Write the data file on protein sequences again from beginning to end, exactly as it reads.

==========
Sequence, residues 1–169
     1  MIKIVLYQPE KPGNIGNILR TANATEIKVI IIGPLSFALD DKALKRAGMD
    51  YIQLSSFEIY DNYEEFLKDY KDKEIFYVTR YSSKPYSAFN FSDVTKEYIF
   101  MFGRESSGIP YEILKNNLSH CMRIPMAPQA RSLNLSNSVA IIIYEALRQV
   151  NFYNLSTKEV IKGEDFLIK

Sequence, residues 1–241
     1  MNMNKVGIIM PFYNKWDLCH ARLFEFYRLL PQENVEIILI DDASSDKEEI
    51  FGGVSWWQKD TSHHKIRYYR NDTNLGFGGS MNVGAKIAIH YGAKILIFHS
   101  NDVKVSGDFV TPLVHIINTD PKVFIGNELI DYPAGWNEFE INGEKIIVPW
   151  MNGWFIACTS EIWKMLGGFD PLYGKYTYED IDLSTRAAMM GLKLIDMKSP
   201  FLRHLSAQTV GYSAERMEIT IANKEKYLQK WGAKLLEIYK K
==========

Sequence, residues 1–169
     1  MIKIVLYQPE KPGNIGNILR TANATEIKVI IIGPLSFALD DKALKRAGMD
    51  YIQLSSFEIY DNYEEFLKDY KDKEIFYVTR YSSKPYSAFN FSDVTKEYIF
   101  MFGRESSGIP YEILKNNLSH CMRIPMAPQA RSLNLSNSVA IIIYEALRQV
   151  NFYNLSTKEV IKGEDFLIK

Sequence, residues 1–241
     1  MNMNKVGIIM PFYNKWDLCH ARLFEFYRLL PQENVEIILI DDASSDKEEI
    51  FGGVSWWQKD TSHHKIRYYR NDTNLGFGGS MNVGAKIAIH YGAKILIFHS
   101  NDVKVSGDFV TPLVHIINTD PKVFIGNELI DYPAGWNEFE INGEKIIVPW
   151  MNGWFIACTS EIWKMLGGFD PLYGKYTYED IDLSTRAAMM GLKLIDMKSP
   201  FLRHLSAQTV GYSAERMEIT IANKEKYLQK WGAKLLEIYK K